Military Hospital, from the East Side of Fort Henry, Kingston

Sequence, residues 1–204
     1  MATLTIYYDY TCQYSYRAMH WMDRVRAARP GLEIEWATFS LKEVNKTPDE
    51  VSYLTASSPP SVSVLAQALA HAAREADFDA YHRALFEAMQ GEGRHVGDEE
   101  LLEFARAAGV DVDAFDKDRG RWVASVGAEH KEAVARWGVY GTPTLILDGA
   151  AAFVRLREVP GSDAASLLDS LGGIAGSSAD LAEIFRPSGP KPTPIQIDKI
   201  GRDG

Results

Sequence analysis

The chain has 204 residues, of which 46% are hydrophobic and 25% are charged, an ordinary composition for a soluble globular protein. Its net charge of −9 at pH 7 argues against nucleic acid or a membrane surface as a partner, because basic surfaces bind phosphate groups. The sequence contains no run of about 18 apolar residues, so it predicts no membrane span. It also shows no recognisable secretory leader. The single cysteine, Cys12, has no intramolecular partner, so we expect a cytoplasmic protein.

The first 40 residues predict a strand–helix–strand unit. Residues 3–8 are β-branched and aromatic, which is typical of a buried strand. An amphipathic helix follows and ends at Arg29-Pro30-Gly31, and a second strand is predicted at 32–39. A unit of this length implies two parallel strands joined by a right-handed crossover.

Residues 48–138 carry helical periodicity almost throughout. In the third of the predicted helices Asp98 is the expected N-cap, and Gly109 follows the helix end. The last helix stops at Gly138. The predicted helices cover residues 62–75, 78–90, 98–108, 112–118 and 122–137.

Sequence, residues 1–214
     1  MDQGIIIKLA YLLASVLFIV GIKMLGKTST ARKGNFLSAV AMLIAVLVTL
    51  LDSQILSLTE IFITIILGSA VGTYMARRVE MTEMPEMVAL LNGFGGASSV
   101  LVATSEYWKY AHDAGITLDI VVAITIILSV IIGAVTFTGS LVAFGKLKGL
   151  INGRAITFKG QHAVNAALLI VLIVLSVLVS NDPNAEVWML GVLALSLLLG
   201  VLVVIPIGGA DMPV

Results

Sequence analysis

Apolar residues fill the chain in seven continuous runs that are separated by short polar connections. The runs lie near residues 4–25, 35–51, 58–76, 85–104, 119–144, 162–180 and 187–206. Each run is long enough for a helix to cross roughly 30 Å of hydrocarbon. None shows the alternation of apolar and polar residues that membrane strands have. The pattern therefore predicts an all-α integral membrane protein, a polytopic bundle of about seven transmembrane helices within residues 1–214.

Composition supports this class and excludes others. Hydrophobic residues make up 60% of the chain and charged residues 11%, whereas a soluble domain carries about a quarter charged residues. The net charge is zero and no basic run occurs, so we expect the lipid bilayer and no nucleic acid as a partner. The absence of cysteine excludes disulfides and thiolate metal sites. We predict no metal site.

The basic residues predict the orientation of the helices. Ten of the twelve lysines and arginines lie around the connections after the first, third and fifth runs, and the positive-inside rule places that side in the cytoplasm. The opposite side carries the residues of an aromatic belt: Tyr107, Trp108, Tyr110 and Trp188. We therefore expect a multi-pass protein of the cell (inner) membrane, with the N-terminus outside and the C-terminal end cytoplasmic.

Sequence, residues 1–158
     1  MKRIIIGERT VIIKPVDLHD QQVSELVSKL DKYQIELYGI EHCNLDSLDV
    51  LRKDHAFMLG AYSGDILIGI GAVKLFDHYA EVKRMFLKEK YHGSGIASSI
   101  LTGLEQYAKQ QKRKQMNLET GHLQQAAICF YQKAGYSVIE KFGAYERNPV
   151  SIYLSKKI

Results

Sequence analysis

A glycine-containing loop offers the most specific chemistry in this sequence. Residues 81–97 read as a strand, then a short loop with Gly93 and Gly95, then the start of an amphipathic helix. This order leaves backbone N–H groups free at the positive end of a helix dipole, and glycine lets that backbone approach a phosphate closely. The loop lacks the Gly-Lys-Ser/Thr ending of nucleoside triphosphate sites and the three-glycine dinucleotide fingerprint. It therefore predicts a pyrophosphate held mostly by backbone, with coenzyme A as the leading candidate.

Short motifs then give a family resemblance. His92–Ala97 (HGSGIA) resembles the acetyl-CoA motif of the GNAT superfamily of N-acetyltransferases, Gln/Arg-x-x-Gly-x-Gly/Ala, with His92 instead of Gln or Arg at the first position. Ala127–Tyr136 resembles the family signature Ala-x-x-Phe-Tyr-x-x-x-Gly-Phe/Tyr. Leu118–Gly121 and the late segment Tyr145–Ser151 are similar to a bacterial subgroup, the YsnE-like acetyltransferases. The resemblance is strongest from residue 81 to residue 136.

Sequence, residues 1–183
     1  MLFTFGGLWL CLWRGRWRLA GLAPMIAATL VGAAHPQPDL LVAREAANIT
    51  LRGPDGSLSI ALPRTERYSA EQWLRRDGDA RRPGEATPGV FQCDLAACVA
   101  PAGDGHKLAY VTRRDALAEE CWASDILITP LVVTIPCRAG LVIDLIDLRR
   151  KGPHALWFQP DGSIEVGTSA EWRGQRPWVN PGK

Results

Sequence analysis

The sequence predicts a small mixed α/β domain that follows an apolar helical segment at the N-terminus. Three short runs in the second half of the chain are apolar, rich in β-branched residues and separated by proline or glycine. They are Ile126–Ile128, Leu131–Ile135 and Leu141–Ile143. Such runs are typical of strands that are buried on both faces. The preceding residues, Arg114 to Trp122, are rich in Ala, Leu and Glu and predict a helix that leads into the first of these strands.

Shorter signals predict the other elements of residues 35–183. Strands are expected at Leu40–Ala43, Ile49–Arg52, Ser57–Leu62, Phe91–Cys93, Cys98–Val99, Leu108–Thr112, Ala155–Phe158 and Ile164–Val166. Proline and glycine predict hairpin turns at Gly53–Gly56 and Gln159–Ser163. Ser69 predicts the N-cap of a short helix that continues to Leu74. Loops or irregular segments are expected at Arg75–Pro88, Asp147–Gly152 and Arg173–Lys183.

Cataraqui Creek from the Verandah of the Artillery Mess House, Kingston and Military Hospital, Kingston depict views of the garrison town in the early 1830s. As Susan M. Bazely points out in her recent Charles F. Gibson: Events of a Military Life in Kingston (2008), "The British military comprising Royal Engineers, Royal Artillery, various regiments and naval personnel accounted for about seven hundred of the roughly five thousand people living in Kingston" at the time (p. 9). Kingston was also the site of intense colonial expansion, with the development of the waterfront, the completion of the Rideau Canal and the building of the new Fort Henry. These watercolours, however, focus on Kingston's surrounding ruralness. In Cataraqui Creek from the Verandah of the Artillery Mess House, Kingston, we look to the north from the Royal Artillery, located along the ridge of today's Montreal Street; and in Military Hospital, Kingston, we see the Fort Henry garrison hospital, built around 1827, including "the guard house, which controlled access to the hospital yard, and the dead house farther down the slope, with Cartwright Point, Whiskey Island and Cedar Island separated by Hamilton Cove" (Bazely, p. 38). 1830s Kingston witnessed a nascent artistic scene. Though the maker of these two watercolours is unknown, a number of military and civilian artists were stationed or settled in the town during this period, including Harriet Dobbs Cartwright (1808-1887), James Pattison Cockburn (1779-1847), Henry Owen Crawley (1796-1870), Edward Charles Frome (1802-1890) and Charles Frederick Gibson (1808-1868), These artists drew upon skillslearned through either military academies, home instruction or copying the work of other artiststo pursue landscape as an artistic pastime and form of documentation.